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British bank TSB has suffered from an IT crisis which has lasted for over six days with an estimated 1.9 million customers experiencing problems around accessing their accounts. The problems occurred when TSB began a customer data migration from Lloyds’ IT system. The bank split from Lloyds Banking Group in 2013 and was sold to Spanish bank Sabadell in 2015 for £1.7bn. When TSB split from the Lloyds Banking Group, it continued to rent a banking platform from its former owner while it developed its own “state-of-the-art” platform.
The new “state-of-the-art” platform was meant to be ready to go live at the weekend just gone with TSB moving its customers’ data from the Lloyds’ platform to its own. This was a long-planned disruption to the service and the bank said it had informed its customers of the change and that it there was the potential of them being unable to use online banking or payment systems at the weekend.
On Sunday some customers reported to various media outlets that they were able to see other customers’ details in a suspected data breach that is being looked into by the Information Commissioner’s Office.
The crisis has resulted in numerous customer being affected, with up to 1.9 million customers locked out of their accounts for a sixth day, MPs are demanding action and the bank facing a potential multimillion-pound compensation bill and regulatory fines. Nicky Morgan MP, chair of the Treasury Committee, has called for the bank to explain how it intended to compensate the customers who suffered a breach of potentially highly-sensitive personal data. Meanwhile, the City watchdog said:
“working with the firm to ensure customers are properly communicated with and are not left out of pocket”.
The Financial Conduct Authority adding:
“We will be talking to the firm to understand exactly what went wrong and the steps that they are taking to ensure something like this does not happen again.”
Financial and banking organisations have a history of upholding high levels of data security, the Financial Conduct Authority (FCA) is just one industry regulator with guidelines that all firms must follow. With the impending effect of the GDPR TSB could face large fines from both the FCA and the Information Commissioner’s Office (ICO).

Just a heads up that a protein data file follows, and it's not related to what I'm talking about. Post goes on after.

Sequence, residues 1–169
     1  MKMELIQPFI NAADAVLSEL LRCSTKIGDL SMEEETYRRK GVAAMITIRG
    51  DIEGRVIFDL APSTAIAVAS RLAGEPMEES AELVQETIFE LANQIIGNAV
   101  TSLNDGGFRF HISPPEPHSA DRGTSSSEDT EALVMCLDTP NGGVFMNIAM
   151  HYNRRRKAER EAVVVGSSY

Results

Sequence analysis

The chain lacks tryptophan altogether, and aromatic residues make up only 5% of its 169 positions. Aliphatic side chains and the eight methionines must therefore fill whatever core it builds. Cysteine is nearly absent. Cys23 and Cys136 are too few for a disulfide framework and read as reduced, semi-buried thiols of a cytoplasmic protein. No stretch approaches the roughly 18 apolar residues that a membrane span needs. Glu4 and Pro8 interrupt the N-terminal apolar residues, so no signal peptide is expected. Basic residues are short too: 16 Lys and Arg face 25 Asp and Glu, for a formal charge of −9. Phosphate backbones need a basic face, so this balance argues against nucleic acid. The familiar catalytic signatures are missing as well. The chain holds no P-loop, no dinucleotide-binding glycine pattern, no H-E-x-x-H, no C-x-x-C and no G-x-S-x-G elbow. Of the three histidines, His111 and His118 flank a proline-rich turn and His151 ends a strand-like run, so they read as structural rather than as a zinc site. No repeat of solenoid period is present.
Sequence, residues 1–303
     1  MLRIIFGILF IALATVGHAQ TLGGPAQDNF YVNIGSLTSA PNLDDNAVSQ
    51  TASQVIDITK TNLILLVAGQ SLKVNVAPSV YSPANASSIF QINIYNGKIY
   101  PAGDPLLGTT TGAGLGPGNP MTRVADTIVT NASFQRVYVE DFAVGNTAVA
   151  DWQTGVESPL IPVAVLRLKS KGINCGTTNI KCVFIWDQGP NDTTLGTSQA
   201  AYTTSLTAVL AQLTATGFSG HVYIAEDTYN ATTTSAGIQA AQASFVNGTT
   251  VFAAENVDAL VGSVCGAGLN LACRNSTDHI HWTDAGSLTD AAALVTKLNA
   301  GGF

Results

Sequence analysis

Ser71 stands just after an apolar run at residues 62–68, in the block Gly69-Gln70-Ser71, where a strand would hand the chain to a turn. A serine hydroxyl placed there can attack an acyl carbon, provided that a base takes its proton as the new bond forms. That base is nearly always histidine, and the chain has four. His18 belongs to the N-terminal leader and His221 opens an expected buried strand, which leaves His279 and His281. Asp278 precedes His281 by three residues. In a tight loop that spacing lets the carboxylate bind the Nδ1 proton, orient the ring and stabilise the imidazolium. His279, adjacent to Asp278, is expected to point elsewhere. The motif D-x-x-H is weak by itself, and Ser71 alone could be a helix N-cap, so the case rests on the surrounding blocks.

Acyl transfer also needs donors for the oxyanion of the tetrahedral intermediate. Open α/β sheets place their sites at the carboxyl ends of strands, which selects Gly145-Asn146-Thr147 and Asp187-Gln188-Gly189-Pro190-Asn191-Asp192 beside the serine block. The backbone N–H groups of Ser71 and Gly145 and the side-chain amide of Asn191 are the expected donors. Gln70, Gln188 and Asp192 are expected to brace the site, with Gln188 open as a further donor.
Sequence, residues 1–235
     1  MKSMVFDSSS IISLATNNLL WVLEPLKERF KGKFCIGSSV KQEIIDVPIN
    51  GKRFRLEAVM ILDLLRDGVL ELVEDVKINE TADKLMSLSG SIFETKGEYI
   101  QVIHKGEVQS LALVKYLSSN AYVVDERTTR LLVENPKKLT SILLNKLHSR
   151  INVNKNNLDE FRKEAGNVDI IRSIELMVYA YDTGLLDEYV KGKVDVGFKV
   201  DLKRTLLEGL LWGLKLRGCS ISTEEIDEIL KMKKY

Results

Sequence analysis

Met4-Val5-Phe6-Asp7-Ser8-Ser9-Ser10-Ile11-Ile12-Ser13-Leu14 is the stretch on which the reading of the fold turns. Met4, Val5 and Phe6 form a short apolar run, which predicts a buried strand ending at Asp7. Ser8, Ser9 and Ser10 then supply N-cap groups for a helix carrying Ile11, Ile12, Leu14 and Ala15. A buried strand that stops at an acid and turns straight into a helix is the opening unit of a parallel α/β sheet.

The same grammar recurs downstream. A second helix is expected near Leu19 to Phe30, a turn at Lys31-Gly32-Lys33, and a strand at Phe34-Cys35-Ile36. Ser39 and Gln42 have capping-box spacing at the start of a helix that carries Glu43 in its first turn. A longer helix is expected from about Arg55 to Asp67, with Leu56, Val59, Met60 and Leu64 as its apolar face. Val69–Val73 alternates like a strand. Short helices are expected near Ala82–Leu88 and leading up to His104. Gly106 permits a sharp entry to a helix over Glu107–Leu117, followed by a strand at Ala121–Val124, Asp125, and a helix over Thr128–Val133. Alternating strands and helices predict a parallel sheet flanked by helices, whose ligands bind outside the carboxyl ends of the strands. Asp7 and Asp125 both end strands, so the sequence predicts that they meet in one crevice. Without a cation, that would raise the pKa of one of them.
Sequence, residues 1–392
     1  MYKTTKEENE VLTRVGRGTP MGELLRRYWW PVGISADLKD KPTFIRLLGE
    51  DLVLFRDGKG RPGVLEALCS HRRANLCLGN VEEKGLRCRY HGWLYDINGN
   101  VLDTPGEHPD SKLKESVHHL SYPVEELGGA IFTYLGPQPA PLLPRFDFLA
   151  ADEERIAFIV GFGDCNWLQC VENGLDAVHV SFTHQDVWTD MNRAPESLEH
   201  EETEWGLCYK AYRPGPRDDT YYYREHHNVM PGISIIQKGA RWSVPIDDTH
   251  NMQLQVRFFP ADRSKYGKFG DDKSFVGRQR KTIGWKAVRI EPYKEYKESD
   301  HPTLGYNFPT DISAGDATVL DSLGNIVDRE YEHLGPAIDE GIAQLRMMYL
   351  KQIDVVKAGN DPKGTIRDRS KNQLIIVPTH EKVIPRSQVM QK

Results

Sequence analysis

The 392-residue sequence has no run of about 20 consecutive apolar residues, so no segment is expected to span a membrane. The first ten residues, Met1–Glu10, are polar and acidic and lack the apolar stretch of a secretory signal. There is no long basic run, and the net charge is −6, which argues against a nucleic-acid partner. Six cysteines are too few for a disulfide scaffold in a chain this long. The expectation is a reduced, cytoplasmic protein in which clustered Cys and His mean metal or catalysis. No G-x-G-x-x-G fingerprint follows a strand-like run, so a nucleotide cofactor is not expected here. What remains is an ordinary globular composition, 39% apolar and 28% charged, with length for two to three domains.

When dealing with sensitive data, as all banks do, it is vital to uphold the highest levels of security, a data breach could be catastrophic, and any cyber-criminal benefactors could stand to make millions. Data migrations are often complex, having to account for multiple systems in multiple locations and to ensure there is little or no downtime. The knock-on effects of downtime are most often felt by customers, as is the case with TSB.
The situation has been ongoing for several days now and TSB has called on IBM to help them fix the issues. Parent company Banco Sabadell has issued a warning that online banking and banking applications may not be fully online for a further week. In the meantime, the bank has announced it will waive all overdraft fees and interest charges for April. This attempt to retain customers may cost in the short run but could be vital to reducing the negative reputation gained the longer this breach/outage continues.
The General Data Protection represents a huge shake-up to data protection laws and carries with it big consequences for non-compliance and large-scale data breaches. Complying with the GDPR ensures that organisations are following processes around data protection and management, reducing the chance of a data breach. In addition, being able to give customers and partners the assurance that the GDPR is being complied with will build confidence and reflect on reputation in a positive light.
Redstor have been assisting organisations with data governance and data protection compliance for 20 years, giving organisations tools to securely manage data through its lifecycle. For further information on cloud backup, disaster recovery and archiving get in touch today. Contact us.